Autors:

Montserrat Batllori & M. Lluïsa Hernanz (eds.)

Títol:

Generative diachronic syntax: word order and information structure

Editorial: Universitat Autònoma de Barcelona, Servei de Publicacions
Col·lecció: Catalan Journal of Linguistics #10
Data de publicació: 2011
Pàgines: 249

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In recent times, there has been an increasing concern for the interaction between information structure and syntax, and its effect in language change. The aim of this volume is to provide the reader with comparative research into the role of informa- tion structure in language change from a crosslinguistic perspective and to con- tribute to a better understanding of structural changes and their possible relation to information structure factors.

From a synchronic standpoint, information packaging is jointly conveyed by semantics, prosody and syntax. In contrast, diachronic linguistics lacks the evidence of prosodic information, but it can still rely on the relation between discourse semantics and syntax in old written texts, as well as on the comparison with syn- chronic data, to set light on the phenomena involved in syntactic changes driven by information structural configurations.

Concerning language change, it is generally accepted that the focus of inves- tigation is on I-language and that language acquirers select cues that are robustly represented in main clauses of the Primary Linguistic Data of their environment so as to feed into particular parameters of UG (see Fischer et al. 2000, Batllori et al. 2005, Kemenade 2007 and Roberts 2007). From this cue-based acquisition perspec- tive, it could be the case that information structural factors might constitute triggers for syntactic changes (for example, word order change –see Westergaard 2010).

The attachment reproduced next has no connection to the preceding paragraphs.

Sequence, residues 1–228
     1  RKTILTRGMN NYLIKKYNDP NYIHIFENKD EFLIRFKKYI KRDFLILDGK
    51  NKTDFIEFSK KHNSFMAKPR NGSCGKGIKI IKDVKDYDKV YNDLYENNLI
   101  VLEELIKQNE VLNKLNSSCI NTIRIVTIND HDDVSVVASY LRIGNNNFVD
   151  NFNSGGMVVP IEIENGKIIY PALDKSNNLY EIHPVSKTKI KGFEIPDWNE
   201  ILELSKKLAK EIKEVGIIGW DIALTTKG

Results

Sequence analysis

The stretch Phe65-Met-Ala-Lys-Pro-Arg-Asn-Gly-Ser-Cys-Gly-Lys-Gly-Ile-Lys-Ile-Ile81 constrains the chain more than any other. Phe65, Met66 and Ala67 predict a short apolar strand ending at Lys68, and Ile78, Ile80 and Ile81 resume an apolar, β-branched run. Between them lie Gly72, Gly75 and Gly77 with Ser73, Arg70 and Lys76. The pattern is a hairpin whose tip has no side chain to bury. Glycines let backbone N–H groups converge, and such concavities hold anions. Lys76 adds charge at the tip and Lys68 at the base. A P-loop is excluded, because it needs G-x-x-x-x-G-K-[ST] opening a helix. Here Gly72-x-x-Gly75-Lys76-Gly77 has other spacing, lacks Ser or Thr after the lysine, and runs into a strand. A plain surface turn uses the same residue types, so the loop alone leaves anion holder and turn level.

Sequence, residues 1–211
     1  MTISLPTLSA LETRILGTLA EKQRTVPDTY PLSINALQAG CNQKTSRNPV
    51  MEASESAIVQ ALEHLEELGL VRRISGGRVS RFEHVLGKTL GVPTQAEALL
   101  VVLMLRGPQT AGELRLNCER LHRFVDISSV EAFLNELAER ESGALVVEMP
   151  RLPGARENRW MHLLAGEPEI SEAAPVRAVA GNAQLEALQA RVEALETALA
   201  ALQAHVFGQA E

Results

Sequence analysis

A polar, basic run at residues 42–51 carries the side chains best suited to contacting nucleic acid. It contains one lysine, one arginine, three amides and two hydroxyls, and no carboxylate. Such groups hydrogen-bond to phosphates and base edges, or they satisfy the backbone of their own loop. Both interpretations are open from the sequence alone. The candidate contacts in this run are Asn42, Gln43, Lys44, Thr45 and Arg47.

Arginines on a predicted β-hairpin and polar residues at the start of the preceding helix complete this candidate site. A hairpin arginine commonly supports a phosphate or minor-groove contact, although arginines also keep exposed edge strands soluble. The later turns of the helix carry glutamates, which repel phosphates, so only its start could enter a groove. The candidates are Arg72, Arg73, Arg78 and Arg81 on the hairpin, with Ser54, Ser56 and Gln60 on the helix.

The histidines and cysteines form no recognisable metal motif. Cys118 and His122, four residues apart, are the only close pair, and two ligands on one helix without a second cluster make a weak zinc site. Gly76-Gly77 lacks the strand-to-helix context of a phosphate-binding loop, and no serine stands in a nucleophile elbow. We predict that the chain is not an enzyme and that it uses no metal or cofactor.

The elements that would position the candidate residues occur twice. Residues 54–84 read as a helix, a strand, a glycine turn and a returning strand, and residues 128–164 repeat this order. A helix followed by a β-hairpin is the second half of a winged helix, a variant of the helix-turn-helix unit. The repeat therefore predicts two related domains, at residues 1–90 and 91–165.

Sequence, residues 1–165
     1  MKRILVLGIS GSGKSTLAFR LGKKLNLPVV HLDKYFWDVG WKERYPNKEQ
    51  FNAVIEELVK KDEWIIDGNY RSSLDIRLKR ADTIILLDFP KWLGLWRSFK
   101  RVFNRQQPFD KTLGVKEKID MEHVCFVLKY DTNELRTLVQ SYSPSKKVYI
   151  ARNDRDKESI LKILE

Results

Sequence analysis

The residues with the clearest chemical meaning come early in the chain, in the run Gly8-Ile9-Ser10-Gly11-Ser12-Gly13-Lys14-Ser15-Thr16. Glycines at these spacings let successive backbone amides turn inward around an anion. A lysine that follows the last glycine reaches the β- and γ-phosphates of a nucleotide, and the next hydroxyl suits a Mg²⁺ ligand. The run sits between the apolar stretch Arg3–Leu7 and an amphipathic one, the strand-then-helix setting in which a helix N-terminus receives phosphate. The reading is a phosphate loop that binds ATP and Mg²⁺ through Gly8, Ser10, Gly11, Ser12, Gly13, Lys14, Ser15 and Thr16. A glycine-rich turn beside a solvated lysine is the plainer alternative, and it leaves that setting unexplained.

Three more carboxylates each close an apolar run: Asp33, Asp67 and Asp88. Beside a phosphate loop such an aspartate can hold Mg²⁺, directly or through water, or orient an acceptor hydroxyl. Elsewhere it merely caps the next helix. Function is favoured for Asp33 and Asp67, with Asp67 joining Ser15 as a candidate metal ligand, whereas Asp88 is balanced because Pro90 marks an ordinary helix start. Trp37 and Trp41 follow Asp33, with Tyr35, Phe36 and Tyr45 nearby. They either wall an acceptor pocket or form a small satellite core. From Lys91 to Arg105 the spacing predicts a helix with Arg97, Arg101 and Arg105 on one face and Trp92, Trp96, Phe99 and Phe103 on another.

The analysis of discursive information in written texts has increased in recent years due to the contribution of the cartographic approach (from Rizzi 1997 onwards) and the studies related to the CP field within the minimalist program. These two approaches, even though apparently in conflict, are actually comple- mentary in many respects. As Cinque and Rizzi (2008: 49) observe, «Minimalism focuses on the generating devices, and cartography focuses on the fine details of the generated structures, two research topics which can be pursued in parallel in a fully consistent manner, and along lines which can fruitfully interact».


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